Professor Grossman’s introduction to the revolutionary work of Husserl, Heidegger and Sartre studies the ideas of their predecessors too, explaining in detail Descartes’s conception of the mind, Brentano’s theory of intentionality, and Kierkegaard’s emphasis on dread, while tracing the debate over existence and essence as far back as Aquinas and Aristotle.
For a full understanding of the existentialists and phenomenologists, we must also understand the problems that they were trying to solve. This book, originally published in 1984, presents clearly how the main concerns of phenomenology and existentialism grew out of tradition.
Preface Part 1: The Background 1. Descartes: A New Conception of the Mind 2. Brentano: The Thesis of Intentionality 3. Kierkegaard: A Different Conception of Man Part 2: Edmund Husserl: The Problem of Knowledge 4. The Distinction Between Particulars and Universals 5. Husserl’s Early View on Numbers 6. Husserl’s Distinction Between Essences and Their Instances 7. Husserl’s Distinction Between Individuals and Their Aspects 8. The Phenomenological Method Part 3: Martin Heidegger: The Meaning of Being 9. Heidegger’s Project 10. Modes of Being 11. The Nature of Existence Part 4: Jean-Paul Sartre: The Quest for Freedom 12. The Structure of Mind 13. The Origin of Nothingness 14. The Pliancy of the Past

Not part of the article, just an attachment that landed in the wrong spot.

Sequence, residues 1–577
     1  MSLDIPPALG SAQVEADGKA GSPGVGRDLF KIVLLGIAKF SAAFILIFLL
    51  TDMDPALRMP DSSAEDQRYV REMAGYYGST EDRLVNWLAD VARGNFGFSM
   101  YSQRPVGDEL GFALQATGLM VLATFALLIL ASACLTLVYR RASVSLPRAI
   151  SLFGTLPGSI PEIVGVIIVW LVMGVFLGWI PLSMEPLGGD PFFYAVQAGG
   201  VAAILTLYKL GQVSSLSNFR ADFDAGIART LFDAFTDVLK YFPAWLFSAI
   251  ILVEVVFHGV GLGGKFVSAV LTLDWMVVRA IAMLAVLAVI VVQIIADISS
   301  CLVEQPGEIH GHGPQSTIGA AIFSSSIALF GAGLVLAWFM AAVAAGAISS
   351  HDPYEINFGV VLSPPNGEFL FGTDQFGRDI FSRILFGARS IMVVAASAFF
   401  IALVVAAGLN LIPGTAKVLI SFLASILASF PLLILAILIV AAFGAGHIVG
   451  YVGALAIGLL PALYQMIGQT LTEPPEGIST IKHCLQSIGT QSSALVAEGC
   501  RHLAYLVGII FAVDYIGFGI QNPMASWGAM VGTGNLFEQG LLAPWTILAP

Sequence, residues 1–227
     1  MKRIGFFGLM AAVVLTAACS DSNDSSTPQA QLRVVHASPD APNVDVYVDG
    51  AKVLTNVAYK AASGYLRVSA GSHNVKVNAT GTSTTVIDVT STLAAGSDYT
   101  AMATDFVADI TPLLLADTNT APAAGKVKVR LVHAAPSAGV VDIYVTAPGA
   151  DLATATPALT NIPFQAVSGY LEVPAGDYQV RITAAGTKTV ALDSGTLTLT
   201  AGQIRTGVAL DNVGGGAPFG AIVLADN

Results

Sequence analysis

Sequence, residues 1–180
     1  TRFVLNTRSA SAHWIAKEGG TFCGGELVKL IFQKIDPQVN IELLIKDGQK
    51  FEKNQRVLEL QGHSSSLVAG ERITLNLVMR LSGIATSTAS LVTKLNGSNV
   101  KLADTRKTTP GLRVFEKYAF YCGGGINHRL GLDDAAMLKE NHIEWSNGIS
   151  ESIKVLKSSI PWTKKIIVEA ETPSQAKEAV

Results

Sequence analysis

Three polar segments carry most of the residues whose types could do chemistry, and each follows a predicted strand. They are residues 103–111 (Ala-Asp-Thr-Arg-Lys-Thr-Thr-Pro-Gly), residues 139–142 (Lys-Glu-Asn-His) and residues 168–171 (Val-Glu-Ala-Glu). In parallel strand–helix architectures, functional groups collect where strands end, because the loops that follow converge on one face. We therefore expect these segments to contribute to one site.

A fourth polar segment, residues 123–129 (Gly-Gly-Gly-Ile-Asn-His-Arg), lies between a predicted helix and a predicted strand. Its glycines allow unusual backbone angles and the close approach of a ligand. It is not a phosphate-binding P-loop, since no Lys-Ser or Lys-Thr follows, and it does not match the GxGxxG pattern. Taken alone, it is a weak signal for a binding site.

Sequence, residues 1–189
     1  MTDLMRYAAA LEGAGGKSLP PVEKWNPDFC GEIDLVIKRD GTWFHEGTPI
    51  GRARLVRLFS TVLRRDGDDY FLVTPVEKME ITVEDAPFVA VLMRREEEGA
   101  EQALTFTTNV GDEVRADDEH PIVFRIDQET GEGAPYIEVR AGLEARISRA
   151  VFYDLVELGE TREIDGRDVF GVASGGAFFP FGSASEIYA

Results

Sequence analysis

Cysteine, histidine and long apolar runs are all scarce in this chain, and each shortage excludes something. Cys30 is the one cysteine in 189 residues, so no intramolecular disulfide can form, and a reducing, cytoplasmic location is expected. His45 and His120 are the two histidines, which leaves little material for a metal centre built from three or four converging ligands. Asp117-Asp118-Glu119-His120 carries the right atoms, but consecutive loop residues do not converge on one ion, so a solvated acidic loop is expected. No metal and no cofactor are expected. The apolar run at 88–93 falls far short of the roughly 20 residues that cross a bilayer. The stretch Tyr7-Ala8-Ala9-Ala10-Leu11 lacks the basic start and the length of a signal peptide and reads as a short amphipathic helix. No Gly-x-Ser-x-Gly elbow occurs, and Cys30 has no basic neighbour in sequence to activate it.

Reissuing works originally published between 1959 and 1995, Routledge Library Editions: Phenomenology offers a selection of scholarship covering this important branch of philosophy. Volumes cover theories of Husserl and Heidegger, and branch out to such topics as psychology, Marxism, language and emotion, and education, forming a varied and informative collection of previously out-of-print works.